The Questions About Male Breast Cancer You Didn’t Know You Wanted to Ask

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In an effort to spread knowledge about and awareness for male breast cancer, the staff of Living Beyond Breast Cancer (LBBC) and the Male Breast Cancer Coalition (MBCC) launched a Reddit AMA (“ask me anything”) to allow other Reddit users to post their questions and get honest and expert answers. And some of the questions people asked are probably ones you’ve never thought of.

Odds are that after you read some of these queries, you’ll realize just how badly you want answers too. Breast cancer is generally thought of as a woman’s issue, but what about when it affects your father, your brother, your husband, your son? If you carry the BRCA gene, how likely are you to pass it down to your children, even if you don’t have any daughters? Do testing, symptoms, diagnosis, and treatment work the same with men as they do with women?

Keep reading to learn more about the answers to the questions you didn’t know you needed to ask.

(NOTE: Some users comments have been edited for length or clarity.)


Question 1

“My mom and her sister both had breast cancer. I know my sister has a higher risk, but do I also?” —Reddit user Wildkarrde_

Response

“Men who have female relatives who have breast cancer do have a slightly higher risk of developing prostate cancer. An elevated risk of male breast cancer would more likely be linked to a genetic predisposition. Having a mother and sister with breast cancer, depending on their ages of onset, would make them candidates for genetic counseling and testing to better assess whether there is a genetic risk in the family. When a family pursues genetic counseling and testing, the best strategy is to start with an individual who has had cancer, so your mother or sister would be the best testing candidates. Their results would determine whether or not you need genetic counseling and testing as well.”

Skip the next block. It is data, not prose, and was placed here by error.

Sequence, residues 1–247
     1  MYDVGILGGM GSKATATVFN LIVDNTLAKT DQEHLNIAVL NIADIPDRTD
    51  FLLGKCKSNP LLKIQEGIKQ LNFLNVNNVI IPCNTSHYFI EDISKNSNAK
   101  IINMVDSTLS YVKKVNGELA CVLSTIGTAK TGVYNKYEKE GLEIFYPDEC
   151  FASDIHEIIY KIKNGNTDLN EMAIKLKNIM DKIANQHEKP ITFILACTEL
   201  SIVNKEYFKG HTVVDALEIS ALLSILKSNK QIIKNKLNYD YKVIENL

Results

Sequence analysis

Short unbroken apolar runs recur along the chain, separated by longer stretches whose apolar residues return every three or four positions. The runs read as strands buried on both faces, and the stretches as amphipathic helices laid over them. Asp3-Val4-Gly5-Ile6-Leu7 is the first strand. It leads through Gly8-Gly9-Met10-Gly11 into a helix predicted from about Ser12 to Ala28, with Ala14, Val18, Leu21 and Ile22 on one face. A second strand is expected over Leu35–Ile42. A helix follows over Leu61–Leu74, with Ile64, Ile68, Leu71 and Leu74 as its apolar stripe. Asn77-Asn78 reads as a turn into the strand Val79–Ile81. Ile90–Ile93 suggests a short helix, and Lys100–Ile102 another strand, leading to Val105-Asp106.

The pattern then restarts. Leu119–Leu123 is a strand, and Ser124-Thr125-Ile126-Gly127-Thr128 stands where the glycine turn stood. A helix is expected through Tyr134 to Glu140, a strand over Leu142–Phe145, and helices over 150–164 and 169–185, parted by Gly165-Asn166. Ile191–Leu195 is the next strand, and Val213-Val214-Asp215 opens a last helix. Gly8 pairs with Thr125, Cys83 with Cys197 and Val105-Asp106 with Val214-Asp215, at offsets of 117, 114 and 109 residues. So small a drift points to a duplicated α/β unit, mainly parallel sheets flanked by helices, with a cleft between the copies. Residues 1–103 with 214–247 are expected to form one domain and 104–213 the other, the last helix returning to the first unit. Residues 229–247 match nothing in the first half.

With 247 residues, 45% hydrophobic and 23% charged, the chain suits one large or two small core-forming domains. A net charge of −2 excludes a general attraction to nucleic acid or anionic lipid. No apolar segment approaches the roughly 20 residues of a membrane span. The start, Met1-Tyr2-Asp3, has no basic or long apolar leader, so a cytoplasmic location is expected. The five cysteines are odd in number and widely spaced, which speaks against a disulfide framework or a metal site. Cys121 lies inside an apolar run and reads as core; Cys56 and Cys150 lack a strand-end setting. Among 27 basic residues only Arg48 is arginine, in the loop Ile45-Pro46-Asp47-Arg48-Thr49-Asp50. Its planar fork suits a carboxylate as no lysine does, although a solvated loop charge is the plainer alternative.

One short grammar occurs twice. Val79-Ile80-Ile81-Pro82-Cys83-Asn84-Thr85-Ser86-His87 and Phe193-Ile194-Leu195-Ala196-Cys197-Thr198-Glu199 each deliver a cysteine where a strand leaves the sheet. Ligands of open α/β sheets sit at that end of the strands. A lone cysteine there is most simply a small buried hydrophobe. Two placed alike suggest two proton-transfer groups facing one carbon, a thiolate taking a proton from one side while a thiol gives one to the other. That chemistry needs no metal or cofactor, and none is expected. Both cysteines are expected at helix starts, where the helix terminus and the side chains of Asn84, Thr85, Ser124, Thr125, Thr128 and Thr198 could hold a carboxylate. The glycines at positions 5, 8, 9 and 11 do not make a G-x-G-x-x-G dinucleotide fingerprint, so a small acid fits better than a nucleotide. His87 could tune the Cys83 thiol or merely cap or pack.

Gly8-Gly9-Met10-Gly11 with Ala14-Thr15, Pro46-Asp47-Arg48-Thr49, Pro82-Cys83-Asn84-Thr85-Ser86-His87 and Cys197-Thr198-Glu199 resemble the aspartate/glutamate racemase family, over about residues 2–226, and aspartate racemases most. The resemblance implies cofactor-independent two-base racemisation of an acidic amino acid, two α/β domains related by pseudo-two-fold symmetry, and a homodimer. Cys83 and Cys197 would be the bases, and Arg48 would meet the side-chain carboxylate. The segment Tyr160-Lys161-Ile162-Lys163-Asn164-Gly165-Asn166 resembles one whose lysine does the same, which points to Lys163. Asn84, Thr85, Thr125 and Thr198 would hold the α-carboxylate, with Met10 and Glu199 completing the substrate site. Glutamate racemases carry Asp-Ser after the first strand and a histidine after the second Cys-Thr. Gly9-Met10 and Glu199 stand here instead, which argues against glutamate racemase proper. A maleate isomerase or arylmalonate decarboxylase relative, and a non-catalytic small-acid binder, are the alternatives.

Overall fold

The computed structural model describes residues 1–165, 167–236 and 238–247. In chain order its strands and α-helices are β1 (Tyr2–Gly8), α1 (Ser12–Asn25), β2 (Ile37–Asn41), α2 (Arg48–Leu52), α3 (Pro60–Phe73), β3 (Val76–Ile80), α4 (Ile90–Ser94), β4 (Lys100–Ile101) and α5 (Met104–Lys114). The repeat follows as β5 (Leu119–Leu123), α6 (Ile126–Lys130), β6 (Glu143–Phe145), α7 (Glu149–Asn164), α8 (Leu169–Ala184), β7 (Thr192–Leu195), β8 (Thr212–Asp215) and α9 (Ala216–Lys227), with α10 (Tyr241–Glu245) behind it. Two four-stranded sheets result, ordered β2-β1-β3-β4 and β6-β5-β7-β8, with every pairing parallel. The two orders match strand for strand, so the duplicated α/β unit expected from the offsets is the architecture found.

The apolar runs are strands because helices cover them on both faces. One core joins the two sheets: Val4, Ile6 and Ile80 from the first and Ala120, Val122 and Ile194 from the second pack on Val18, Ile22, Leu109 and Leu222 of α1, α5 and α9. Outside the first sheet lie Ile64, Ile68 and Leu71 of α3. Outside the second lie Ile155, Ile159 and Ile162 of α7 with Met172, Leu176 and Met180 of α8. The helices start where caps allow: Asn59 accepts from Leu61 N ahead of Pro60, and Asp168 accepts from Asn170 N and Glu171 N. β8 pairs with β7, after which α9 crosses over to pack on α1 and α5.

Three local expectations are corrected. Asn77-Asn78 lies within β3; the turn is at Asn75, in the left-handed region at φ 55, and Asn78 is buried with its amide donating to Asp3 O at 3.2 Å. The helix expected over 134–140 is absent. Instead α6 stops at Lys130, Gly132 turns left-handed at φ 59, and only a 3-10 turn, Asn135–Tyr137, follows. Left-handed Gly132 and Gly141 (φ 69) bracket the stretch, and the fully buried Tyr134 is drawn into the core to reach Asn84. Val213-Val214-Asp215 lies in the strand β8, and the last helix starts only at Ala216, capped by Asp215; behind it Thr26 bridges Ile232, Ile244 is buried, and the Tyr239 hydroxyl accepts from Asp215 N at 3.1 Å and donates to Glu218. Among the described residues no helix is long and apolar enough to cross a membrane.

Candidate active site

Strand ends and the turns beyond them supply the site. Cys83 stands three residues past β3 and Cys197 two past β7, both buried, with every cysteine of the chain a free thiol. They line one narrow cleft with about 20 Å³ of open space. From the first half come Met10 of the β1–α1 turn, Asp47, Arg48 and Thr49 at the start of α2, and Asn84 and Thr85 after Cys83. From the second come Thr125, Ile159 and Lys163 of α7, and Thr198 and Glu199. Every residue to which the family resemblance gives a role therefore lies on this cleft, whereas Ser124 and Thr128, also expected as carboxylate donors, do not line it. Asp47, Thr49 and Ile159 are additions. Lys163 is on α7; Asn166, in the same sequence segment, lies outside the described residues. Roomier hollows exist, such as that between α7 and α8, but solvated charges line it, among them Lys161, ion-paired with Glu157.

Question 2

“My wife is currently late stage metastatic [BRCA 2 positive]. She has four aunts on her father’s side that have all died from or were just diagnosed with breast cancer. We have three children; two boys [and] one girl. I know our daughter should be gene tested fairly early. When/if should our boys be tested and what chances do they stand to get breast cancer?” —Reddit user married_to_awesome

Response

“Your children (and your wife’s siblings) would have a 50% chance to have the same genetic predisposition. Testing for female children is typically recommended in the early-to-mid 20s or 30s, depending on the gene because you would start breast cancer screening in that age range. For men, testing can be done in the same age range, but it will mostly be for family planning as most men do not face an increased risk for cancer in that age. Most of the cancer risk for men starts to become a concern at age 40 and beyond.”

Question 3

“Women can keep an eye out for any lumps on their breasts, but what should males look for? Would we notice a lump or have pain associated with a tumour in that area also?” —Reddit user aerozard

Response

“The American Cancer Society states: ‘Signs and symptoms of breast cancer in men: Men need to know that breast cancer is not limited to women. Possible symptoms of breast cancer to watch for include: A lump or swelling, which is usually (but not always) painless; Skin dimpling or puckering; Nipple retraction (turning inward); Redness or scaling of the nipple or breast skin; Discharge from the nipple. Sometimes a breast cancer can spread to lymph nodes under the arm or around the collar bone and cause a lump or swelling there, even before the original tumor in the breast tissue is large enough to be felt. These changes aren’t always caused by cancer. For example, most breast lumps in men are caused by gynecomastia (a harmless enlargement of breast tissue). Still, if you notice any breast changes, you should see a health care professional as soon as possible.'”

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Elizabeth Nelson is a wordsmith, an alumna of Aquinas College in Grand Rapids, a four-leaf-clover finder, and a grammar connoisseur. She has lived in west Michigan since age four but loves to travel to new (and old) places. In her free time, she. . . wait, what’s free time?